Black History Fun Fact Friday – Slave Patrols: A Brief History of American Policing

This post was originally published under another blog series Unfamiliar Faces: Lost to History. Due the current climate I have revised this post and re-categorized it under Black History Fun Facts.


Originally Published: July 14, 2015

Revised May 29, 2020

slave-patrols-police-origins

The tragic murder of George Floyd, who sadly joins the ranks of several unarmed black men killed by the police, has sparked outrage, protests, and unrest. Images and footage of the officer, Derek Chauvin (who had 18 prior complaints against him according to the Minneapolis Police Department’s Internal Affairs), kneeling on Floyd’s neck as he repeated the too familiar phrase, “I can’t breathe!” is both horrifying and heartbreaking.

In response to the looting taking place by protesters of Floyd’s death, American President Donald Trump went on to call the looters “Thugs,” commenting that “when the looting starts, the shooting starts.” The phrase comes from a 1967 quote used by Miami’s police chief, Walter Headley, in 1967, when he addressed his department’s “crackdown on … slum hoodlums,” according to a United Press International article from the time.

From the killing of Emmett Till in 1955 that sparked the Civil Rights Movement, to the bombing of the Sixteenth Street Baptist Church killing those four little girls in Birmingham Alabama in 1963 (Addie Mae Collins, 14, Cynthia Wesley, 14, Carole Robertson, 14, and Carol Denise McNair, 11). From the 1965 Watts Riots that broke out over Marquette Frye, to the police officers who beat Rodney King in 1991 and the riots that broke out over their acquittal. From the killing of Trayvon Martin, Micheal Brown, Ahmaud Aubrey, Breonna Taylor and many others, Black people are frustrated and crying out for redemption.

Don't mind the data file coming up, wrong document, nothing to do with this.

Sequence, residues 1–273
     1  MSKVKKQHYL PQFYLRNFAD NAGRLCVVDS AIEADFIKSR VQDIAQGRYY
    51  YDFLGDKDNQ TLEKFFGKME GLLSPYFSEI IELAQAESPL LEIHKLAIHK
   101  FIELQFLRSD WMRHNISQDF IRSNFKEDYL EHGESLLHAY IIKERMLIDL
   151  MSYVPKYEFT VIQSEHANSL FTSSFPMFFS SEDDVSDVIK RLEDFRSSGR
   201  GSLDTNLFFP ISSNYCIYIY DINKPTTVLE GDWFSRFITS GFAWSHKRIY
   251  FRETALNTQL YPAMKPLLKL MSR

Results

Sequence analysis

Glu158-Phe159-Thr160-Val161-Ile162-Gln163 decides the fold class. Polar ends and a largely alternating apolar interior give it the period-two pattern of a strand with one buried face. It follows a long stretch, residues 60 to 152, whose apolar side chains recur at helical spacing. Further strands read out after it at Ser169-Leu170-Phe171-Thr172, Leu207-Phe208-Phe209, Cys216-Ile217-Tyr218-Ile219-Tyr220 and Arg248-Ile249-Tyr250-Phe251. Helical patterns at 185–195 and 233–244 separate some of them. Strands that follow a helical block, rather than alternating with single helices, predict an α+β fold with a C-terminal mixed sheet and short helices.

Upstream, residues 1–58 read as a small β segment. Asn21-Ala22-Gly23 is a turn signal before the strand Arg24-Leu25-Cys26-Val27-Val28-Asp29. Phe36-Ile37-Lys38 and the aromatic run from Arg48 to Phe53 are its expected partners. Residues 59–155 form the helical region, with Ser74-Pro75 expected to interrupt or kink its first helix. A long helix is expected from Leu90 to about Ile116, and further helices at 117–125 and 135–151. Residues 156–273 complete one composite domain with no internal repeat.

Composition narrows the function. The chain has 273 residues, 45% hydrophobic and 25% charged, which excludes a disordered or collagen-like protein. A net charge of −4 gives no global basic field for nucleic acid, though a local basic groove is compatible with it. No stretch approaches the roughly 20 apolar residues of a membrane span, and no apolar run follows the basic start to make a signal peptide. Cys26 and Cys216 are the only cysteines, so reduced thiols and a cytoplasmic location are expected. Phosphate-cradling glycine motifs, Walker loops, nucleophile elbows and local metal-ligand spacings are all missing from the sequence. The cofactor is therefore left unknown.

Today, we look at the racists’ roots in American policing.

Slave Patrols had three functions: to chase, apprehend, and return the enslaved who had run away to their “owners,” to organize terror to deter slave-revolts and to maintain discipline for slave-workers who were subject to violence if they broke plantation rules. These organizations evolved into southern police departments whose job was to control the freed slaves who were now working as laborers and to enforce the Jim Crow segregation laws that denied freed people certain human rights.

“Early American police departments shared two primary characteristics: they were notoriously corrupt and flagrantly brutal. This should come as no surprise in that police were under the control of local politicians. The local political party ward leader in most cities appointed the police executive in charge of the ward leader’s neighborhood. The ward leader, also, most often was the neighborhood tavern owner, sometimes the neighborhood purveyor of gambling and prostitution, and usually the controlling influence over neighborhood youth gangs who were used to get out the vote and intimidate opposition party voters. In this system of vice, organized violence and political corruption it is inconceivable that the police could be anything but corrupt (Walker 1996).” –  Dr. Gary Potter

Slave Patrollers were white men who rode around on horseback carrying guns, rope, and whips, ready to capture the enslaved. Their job was also to enforce the pass system, a pass, or ticket, signed by the slave master that authorized the enslaved to travel. Without this pass, an enslaved person could be beaten, and beatings sometimes happened even when the person had a pass, eerily similar to black men and women who are beaten, choked, gunned down, and stepped on even when they have done nothing wrong.

In her book, Slave Patrols: Law and Violence in Virginia and the Carolinas, Sally Hadden writes, “mounted man presents an awesome figure, and the power and majesty of a group of men on horseback, at night, could terrify slaves into submission.” Many members of the black community still refer to large police vehicles as “patty-wagons,” a play on the former “paddyrollers,” which was also a nickname for Slave Patrols.